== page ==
Local Teenagers visit Vimy Ridge in France
Vimy Ridge – Two local teenagers recently returned from the Vimy Ridge battle site in France and have a lot to say about the trip. David Alexander of Pointe-Claire and Yaman Awad of Anjou were part of a group of 16 students and four chaperons who visited Belgium, France, and the UK this summer. Many important battlefields from both World War I (WWI) and World War II (WWII) are found here.
Vimy Ridge, near Arras, in northern France was the scene of ferocious fighting between Canadian and German forces in April 1917 during WWI. Four Canadian divisions stormed high ground held by three German divisions and, after four days of intense fighting, the Germans retreated from the ridge. This action saw 3598 Canadians killed and 7004 injured while 4000 Germans were taken prisoner.
“From Belgium, we traveled along the old front line (and through northern France). It was a life-changing experience. We all had to do research and I looked up the history of my great, great uncle who was killed near there. It was pretty special to see the family connection,” related Alexander, 17, and now a Dawson College student in science.
“The Canadian National Vimy Memorial is spectacular, especially when you visit with a group of people who know its significance. In that part of Europe, it is still easy to see signs of the war from 100 years ago. Some local farmers are killed each year digging up unexploded shells in their fields. They also find bones and helmets.”
“Yes, this changed me,” Awad said. “This event made Canada emerge on the world scene; Vimy Ridge is almost like where Canada’s second birth (after 1867) took place. Going there was like a pilgrimage. I also spoke with local French citizens who told me they were thankful that Canada helped them 100 years ago and again in WWII.”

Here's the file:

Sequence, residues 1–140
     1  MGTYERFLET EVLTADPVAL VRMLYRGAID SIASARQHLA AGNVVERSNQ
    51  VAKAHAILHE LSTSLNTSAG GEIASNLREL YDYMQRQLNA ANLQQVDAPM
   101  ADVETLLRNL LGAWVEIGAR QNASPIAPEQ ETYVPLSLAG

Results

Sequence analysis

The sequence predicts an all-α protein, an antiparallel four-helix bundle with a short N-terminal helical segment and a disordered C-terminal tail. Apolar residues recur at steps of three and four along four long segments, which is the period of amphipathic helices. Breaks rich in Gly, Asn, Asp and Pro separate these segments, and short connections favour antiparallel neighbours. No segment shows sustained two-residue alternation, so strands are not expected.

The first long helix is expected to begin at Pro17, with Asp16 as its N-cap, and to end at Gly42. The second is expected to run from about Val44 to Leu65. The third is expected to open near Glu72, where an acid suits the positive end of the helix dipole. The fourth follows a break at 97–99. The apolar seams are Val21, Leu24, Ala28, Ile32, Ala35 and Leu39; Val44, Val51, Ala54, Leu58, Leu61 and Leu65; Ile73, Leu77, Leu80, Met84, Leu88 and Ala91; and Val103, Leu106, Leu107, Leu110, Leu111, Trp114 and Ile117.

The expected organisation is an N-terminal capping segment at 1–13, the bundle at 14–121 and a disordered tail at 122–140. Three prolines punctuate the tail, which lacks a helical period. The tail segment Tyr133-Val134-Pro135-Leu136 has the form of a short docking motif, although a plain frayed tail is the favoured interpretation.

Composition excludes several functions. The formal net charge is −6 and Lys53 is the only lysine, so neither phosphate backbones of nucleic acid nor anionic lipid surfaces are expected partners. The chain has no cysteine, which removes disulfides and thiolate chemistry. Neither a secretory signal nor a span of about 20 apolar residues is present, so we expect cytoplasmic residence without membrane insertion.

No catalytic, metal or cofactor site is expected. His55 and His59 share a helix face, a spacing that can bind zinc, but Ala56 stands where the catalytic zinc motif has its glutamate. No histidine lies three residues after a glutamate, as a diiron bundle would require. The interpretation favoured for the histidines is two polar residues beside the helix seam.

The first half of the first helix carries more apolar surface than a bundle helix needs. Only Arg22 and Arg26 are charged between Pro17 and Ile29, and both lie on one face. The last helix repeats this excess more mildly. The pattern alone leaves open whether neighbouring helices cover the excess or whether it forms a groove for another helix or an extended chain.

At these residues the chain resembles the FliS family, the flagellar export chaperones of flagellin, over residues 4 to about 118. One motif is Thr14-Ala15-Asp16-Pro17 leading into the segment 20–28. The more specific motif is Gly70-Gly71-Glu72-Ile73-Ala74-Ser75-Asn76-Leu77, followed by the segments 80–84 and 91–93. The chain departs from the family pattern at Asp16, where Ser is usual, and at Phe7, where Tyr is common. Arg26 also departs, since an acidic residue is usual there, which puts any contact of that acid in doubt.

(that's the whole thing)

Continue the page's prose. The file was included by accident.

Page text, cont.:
One of the things that most struck Awad was visiting graveyards and seeing how young many of the casualties were: in one case he looked at the tombstone of a 15-year-old boy. “The legal age of enlistment was 18 but many kids used fake ID. The authorities didn’t take time to really to check enlistee’s ages…”
Alexander and Awad also talked to surviving veterans from WWII. “I talked with a British marine who participated in the 1942 raid on German-held Dieppe. He was only 17 at the time, the same age I am!” recounts Awad, who also relates the importance of preserving these veterans’ stories.
Another destination was Juno Beach in Normandy where some 20,000 Canadians were among the Allied soldiers who landed on French beaches in June, 1944. These Normandy Landings were key to winning the war against Nazi Germany less than a year later.
For Alexander, history is just a hobby, and he sees his future in the sciences. Awad, now finishing at Collège de Maisonneuve–which despite its name is a high school– plans to take history courses next year, but is unsure if he wants to eventually become a historian.
Alexander and Awad both were recipients of the Beaverbrook Vimy Prize. This prestigious summer scholarship is offered by the Vimy Foundation to youths 15-17 years of age to study the interwoven history of Canada, France, and Great Britain during the First and Second World Wars. During the two week, fully-funded scholarship program, prize winners from Canada, Great Britain and France attend lectures and visit key historical sites such as major museums, battlefields, cemeteries and memorials, including Vimy Ridge, where they are introduced to ideas and viewpoints not typically taught in classrooms. Another similar program is the Vimy Pilgrimage Award. More info at: www.vimyfoundation.ca
Wikipedia was used in background fact-checking with this article